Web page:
A Tribute to Critical’s Titans on World Engineers’ Day
Today we’re celebrating our Critical engineers: the inventors, the designers and the builders.
Happy World Engineers’ Day!
This is our annual opportunity to celebrate the tremendous work performed by engineers across the globe. They design, build and implement the tech we use, from day-to-day appliances to the critical systems we all depend on.
1. How long have you been an engineer? What project are you currently working on at Critical?
Marco Coelho: I joined Critical Software 7 months ago and I recently entered in a project in the space sector where the mission is to reduce space debris in the Earth’s orbit.
Emanuel Morais: I have been an engineer for almost 3 years now, and since then I have been working on a trading platform mobile app which provides crypto exchange, commodities and financial assets trading.
Lisa Silva: I have been working at Critical since 2018, when I started as an intern in my first year as a software engineer. I have been working on the same project since I joined, which is to develop a core banking system for one of our financial services clients.
2. What excites you the most about being a critical systems engineer?
MC: Being able to make a system more reliable. Nowadays business has become completely computer-dependent, and systems are getting more and more complex. So if a business depends on a critical system then it is fundamentally necessary for it to run as expected, as failure may lead to injury or loss of life, damage to the environment or major financial losses. That is a huge responsibility! It’s critical for those systems to be functioning correctly and, if necessary, with a 24/7 uptime.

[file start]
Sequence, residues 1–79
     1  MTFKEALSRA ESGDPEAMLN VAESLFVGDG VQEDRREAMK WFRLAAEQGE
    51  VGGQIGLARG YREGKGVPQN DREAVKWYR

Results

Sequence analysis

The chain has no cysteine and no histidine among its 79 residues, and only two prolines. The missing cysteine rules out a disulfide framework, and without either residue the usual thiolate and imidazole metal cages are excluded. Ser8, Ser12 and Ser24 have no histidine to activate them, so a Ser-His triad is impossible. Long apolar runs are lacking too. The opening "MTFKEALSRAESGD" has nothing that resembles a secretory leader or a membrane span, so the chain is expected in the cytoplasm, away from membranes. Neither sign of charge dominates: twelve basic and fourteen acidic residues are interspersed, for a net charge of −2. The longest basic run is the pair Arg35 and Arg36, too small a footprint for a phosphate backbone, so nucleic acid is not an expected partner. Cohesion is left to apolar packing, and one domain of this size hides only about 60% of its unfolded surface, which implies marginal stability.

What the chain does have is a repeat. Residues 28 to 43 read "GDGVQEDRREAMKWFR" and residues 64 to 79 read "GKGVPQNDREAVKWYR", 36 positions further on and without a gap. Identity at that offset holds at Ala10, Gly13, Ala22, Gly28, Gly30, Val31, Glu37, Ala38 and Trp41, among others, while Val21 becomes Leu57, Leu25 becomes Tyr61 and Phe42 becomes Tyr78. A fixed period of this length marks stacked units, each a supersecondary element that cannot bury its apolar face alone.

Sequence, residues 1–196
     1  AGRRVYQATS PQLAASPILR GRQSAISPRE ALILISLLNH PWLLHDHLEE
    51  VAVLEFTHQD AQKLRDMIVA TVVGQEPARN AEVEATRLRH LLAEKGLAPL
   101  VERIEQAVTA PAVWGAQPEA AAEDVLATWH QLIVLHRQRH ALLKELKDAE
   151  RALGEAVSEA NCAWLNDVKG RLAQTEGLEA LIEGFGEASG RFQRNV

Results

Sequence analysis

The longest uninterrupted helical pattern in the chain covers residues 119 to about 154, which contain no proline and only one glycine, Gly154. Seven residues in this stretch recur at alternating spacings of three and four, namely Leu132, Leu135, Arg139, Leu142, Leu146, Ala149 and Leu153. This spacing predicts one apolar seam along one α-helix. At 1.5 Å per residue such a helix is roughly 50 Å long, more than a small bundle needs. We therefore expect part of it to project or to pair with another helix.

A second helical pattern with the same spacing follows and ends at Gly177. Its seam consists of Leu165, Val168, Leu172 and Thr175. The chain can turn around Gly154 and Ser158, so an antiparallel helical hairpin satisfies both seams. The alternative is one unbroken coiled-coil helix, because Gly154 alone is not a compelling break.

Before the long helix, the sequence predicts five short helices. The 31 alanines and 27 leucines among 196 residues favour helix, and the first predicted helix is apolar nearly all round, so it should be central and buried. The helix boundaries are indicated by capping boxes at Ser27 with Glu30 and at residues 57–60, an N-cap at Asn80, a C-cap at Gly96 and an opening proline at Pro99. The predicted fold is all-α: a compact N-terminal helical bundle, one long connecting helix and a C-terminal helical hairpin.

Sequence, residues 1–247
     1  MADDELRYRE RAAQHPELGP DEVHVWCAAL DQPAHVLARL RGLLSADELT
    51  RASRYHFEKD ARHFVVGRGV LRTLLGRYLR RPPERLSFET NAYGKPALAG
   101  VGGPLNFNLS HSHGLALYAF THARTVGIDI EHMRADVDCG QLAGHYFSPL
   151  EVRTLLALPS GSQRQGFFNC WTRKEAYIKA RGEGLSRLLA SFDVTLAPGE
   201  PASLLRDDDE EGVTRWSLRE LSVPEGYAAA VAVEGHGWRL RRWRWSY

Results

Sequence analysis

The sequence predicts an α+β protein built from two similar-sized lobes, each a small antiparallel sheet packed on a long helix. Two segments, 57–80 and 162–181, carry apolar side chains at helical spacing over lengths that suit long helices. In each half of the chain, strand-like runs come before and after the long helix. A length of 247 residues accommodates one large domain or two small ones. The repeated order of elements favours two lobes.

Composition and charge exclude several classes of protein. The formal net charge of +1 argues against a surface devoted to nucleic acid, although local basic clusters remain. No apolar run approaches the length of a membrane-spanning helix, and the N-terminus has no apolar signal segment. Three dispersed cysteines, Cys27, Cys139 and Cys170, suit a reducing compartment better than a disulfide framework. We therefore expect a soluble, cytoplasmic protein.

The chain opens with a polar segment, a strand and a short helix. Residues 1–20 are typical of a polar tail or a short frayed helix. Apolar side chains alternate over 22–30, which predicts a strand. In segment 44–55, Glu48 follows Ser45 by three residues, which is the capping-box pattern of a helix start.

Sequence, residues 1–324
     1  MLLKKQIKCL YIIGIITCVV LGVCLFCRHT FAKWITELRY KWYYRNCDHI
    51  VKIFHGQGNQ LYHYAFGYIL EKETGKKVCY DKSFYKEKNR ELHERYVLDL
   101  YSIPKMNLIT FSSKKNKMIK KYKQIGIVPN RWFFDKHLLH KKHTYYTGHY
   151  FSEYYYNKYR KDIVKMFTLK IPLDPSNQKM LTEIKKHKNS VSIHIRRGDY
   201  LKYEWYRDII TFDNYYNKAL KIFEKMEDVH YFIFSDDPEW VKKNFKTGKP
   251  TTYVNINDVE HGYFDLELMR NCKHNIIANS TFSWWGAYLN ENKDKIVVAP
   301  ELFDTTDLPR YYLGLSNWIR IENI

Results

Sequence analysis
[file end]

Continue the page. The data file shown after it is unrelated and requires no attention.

EM: The need for constant improvement to keep up with the demands of this type of systems.
LS: Knowing that the code I write contributes towards a well-functioning system used by many people. Also, being able to work with a fantastic team that I respect.
3. What has been your biggest challenge so far?
MC: I would say adapting to a new working environment where I’ve been introduced to new methodologies, best practices, etc.
EM: Keeping up with the cutting-edge of technology, which is a daily challenge but also very rewarding.
LS: My biggest challenge was changing my career at 37 years old from chemistry to software development, but it was the best decision I ever made. At work, many things that started as a challenge were learning opportunities and I love a good challenge. But the biggest one so far working at Critical was delivering a change request from the bank that needed to be done in a short period of time.
4. If you could have one superpower that helped you at work, what would it be?
MC: I don’t need superpowers because we're all superheroes in this company.
EM: Programming code without using my hands, maybe with the mind or something.
LS: That would be ultra-focus, the ability to disconnect from the surroundings.
5. Any advice for people interested in becoming engineers?
MC: Believe in yourself! You have the potential to do more than you think. If you just want to be part of challenging projects, that's great, but isn't it greater to be part of something that impacts the world we live in? I personally think so and this is one of the reasons why I chose to work at Critical.
EM: The real improvement comes when you step out of your comfort zone – and there are plenty of opportunities to do that at Critical.
LS: Yes, from my experience, I would like to say it is never too late to do what you love, and perseverance is key.
Do you feel like unleashing your superpowers and joining a team of superheroes? Check out our current vacancies and join Critical's Titans squad!